Book Reviews · Man Booker 2016

Book Review: Hystopia by David Means

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Longlisted for the Man Booker Prize 2016 and with a cover like that how could I resist this book?  David Means is best known for his short stories and this is his first novel which was hotly anticipated.

Hystopia is a story within a story.  We first read accounts of people who knew the fictional author of the imbedded story and learn that he, Eugene Allen, was a war veteran returning from Vietnam.  Allen’s story is set in an alternate world where Kennedy was not assassinated in 1963 but rather there were multiple attempts at his life (although he does end up assassinated).  In this world, Kennedy’s government seeks to improve the lives of “vets” returning from Vietnam by a process of “enfolding” – “mental health is [their] business. Or, rather, mental freedom is [their] business“.

This process involves a drug called Tripizoid (horse tranquilizer) and a series of reenactments of the traumatic events causing the particular subject anxiety.  These reenactments are then “enfolded” within each other to create a sort of “fuzzball” of a memory – or rather a “neurological dust bunny” – which can then be forgotten and/or easily controlled.

The trouble is, human beings are naturally curious.  With enfolding the traumatic memory one must enfold the ancillary memories (i.e. the domino effect).  Think about it – if you wanted to forget an experience at say work, you would have to forget what led up to that experience and the people you work with.  It leaves the subject in a state of semi-ignorance – they are aware of the fuzzball and the gaps in memory but are too afraid of “unfolding” the “enfolded” memories.  The ways in which the subject could  intentionally – or unintentionally -“unfold” were either dipping into cold water, having great sex or discussing traumatic events with another who may be linked to or suffered the same trauma.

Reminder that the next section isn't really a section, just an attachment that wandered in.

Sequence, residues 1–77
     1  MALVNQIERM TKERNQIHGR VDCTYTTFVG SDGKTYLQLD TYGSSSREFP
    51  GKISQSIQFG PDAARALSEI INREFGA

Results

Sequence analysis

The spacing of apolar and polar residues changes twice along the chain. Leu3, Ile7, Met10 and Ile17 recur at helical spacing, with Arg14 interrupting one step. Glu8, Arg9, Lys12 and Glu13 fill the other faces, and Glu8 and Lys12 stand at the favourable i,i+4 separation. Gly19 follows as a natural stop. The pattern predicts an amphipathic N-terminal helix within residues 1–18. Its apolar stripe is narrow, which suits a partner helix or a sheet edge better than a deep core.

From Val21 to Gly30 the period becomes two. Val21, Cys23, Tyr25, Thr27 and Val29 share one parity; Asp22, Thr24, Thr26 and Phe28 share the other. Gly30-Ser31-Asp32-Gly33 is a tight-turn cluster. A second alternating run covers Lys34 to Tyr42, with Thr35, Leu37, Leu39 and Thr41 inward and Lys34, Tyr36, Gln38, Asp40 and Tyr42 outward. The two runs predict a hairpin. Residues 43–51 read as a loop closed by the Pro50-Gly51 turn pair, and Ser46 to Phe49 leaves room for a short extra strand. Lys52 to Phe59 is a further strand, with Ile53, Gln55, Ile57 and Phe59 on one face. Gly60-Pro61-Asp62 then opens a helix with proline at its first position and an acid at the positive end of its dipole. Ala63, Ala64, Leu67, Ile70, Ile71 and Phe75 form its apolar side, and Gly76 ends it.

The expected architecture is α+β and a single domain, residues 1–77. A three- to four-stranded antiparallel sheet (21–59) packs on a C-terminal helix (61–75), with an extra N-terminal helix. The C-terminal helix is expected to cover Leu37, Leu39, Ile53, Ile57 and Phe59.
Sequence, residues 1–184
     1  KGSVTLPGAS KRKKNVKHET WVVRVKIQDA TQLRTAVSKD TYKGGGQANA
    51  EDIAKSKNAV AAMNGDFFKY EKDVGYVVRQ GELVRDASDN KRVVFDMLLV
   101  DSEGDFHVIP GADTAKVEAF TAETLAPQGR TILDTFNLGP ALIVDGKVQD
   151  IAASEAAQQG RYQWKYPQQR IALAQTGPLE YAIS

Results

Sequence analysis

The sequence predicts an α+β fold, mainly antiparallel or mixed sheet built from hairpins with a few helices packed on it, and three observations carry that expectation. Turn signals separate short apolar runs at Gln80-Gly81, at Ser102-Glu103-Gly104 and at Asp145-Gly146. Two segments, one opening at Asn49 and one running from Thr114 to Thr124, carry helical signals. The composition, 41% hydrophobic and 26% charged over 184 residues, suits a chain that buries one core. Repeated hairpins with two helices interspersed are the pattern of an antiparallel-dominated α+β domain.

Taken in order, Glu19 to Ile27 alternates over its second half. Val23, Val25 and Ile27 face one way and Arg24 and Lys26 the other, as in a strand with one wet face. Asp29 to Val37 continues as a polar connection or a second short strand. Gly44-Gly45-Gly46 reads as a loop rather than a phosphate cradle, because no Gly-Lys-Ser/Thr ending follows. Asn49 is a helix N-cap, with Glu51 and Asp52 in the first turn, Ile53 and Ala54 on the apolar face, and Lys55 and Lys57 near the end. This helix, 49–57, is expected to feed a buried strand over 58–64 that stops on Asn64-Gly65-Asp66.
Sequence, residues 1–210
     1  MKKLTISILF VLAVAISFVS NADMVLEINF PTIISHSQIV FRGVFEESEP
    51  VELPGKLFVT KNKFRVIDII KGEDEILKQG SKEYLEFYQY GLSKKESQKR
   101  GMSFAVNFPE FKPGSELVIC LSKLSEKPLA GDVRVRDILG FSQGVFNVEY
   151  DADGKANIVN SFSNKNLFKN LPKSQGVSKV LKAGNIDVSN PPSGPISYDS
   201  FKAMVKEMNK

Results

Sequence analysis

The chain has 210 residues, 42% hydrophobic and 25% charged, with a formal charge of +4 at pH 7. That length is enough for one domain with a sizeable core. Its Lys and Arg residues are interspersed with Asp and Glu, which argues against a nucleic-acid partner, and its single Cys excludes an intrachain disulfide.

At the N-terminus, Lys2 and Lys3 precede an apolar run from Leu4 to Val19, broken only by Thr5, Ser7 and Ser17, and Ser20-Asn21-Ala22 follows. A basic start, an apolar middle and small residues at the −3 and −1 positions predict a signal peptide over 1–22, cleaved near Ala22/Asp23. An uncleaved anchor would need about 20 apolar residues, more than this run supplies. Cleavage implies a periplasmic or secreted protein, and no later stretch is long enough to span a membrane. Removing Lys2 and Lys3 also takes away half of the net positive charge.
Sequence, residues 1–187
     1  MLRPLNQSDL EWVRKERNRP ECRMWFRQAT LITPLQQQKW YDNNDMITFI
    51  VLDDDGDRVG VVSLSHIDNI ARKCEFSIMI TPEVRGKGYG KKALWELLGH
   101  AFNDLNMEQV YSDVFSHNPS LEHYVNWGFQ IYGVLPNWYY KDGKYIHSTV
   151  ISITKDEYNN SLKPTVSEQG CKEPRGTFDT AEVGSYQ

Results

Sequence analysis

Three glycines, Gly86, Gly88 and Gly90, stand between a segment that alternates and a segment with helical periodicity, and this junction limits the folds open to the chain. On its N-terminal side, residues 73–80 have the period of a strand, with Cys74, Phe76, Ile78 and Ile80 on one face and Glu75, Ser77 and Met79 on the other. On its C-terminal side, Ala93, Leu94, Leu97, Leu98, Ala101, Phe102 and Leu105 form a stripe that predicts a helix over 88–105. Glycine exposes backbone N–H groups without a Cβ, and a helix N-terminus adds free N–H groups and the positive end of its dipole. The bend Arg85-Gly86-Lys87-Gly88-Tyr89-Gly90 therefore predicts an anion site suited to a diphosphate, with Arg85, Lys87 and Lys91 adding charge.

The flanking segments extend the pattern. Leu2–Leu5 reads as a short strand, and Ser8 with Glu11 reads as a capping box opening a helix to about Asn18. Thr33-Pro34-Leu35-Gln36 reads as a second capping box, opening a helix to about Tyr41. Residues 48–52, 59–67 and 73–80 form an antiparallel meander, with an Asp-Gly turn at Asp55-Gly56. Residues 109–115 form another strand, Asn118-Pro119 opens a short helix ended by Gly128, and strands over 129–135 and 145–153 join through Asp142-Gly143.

Whilst I enjoyed the premise I felt that the actual story (hunting down a failed enfolded vet turned serial killer) wrapped up far too neatly.  There was no real climax.  No real crescendo.  I was hoping for one final twist at the end which would make sense of this alternate world however, it seems, the story within the novel is to be taken at face value.  I felt that Means could have explored the enfolding process and the questions around losing memory far more deeply.

That being said, Means has a fantastic way of writing.  There are so many dog-eared pages of this book as each page had a poignant note.  Overall, I enjoyed Means’ play with memory.  The big question for me reading this novel was: is ignorance really bliss?  Are humans capable of compartmentalising traumatic events and the ancillary memories in order to ‘move on’?  We are taught that our experiences mould us.  What would happen to us, our personalities, if such experiences were wiped from our memories?

Recommended for: dystopian book lovers

Rating: 3/5

Favourite quote:If there is a God, he thought, I’ll speak directly to him when the time comes, and if there isn’t a God I’ll have to invent one, and I’ll find a way to thank him for the way I feel when I watch her move.

Thanks for reading – I hope you enjoyed it!

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